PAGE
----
According to researchers Amir Gandler and Limor Kessem at IBM X-Force, Sphinx (a.k.a. Zloader or Terdot) began resurfacing in December. However, the researchers observed a significant increase in volume in March, as Sphinx’s operators looked to take advantage of the interest and news around government relief payments.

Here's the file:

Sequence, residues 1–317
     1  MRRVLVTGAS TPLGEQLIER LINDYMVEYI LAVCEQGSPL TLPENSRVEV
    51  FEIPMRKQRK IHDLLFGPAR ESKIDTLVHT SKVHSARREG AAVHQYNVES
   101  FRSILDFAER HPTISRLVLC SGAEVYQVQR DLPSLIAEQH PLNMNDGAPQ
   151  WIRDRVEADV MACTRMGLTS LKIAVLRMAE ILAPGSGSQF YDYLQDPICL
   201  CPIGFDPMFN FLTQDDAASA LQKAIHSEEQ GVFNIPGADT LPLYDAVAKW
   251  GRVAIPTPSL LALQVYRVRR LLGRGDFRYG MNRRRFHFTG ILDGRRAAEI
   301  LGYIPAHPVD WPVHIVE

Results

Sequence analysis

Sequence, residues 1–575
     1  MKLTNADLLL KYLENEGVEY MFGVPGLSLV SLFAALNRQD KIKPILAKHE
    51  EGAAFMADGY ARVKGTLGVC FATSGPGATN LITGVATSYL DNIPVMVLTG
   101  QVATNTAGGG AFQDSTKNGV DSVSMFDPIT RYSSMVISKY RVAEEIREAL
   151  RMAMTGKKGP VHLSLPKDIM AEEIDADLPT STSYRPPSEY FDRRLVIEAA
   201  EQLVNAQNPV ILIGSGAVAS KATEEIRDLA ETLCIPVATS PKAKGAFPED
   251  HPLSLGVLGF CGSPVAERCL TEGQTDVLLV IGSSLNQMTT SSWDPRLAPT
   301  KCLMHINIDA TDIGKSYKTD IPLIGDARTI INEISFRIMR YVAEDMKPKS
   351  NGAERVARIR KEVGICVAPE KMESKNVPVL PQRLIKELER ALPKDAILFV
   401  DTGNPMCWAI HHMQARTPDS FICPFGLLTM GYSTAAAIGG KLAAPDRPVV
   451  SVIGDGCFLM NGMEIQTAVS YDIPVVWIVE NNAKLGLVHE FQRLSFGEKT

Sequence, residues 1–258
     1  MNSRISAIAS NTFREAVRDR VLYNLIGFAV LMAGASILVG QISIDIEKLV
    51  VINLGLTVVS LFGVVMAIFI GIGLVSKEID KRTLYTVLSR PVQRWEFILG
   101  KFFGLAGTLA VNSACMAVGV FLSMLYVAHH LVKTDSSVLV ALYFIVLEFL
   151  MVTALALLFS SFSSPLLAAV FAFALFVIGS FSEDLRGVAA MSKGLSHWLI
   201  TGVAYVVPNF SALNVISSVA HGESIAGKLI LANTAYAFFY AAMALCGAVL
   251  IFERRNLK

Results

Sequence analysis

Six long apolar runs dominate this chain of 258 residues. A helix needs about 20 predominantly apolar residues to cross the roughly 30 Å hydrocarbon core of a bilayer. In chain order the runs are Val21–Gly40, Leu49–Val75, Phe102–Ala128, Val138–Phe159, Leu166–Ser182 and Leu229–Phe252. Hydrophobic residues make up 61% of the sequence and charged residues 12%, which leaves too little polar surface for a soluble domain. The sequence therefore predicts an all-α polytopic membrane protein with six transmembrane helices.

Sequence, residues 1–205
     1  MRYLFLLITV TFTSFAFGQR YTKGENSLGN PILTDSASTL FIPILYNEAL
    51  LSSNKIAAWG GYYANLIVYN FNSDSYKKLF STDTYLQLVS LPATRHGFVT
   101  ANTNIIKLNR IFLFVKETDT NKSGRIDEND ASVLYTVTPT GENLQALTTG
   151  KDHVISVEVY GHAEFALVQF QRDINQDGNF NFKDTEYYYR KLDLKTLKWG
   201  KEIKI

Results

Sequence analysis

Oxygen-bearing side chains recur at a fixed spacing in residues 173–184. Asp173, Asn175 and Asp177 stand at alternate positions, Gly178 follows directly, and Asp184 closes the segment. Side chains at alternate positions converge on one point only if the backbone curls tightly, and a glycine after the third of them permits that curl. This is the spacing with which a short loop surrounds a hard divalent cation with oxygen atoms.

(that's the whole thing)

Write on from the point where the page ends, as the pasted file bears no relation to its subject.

First seen in August 2015, Sphinx is a modular malware based on the leaked source code of the infamous Zeus banking trojan, the researchers explained. Like other banking trojans, Sphinx’s core capability is to harvest online account credentials for online banking sites (and some other services). When infected users land on a targeted online banking portal, Sphinx dynamically fetches web injections from its command-and-control (C2) server to modify the page that the user sees, so that the information that the user enters into the log-in fields is sent to the cybercriminals.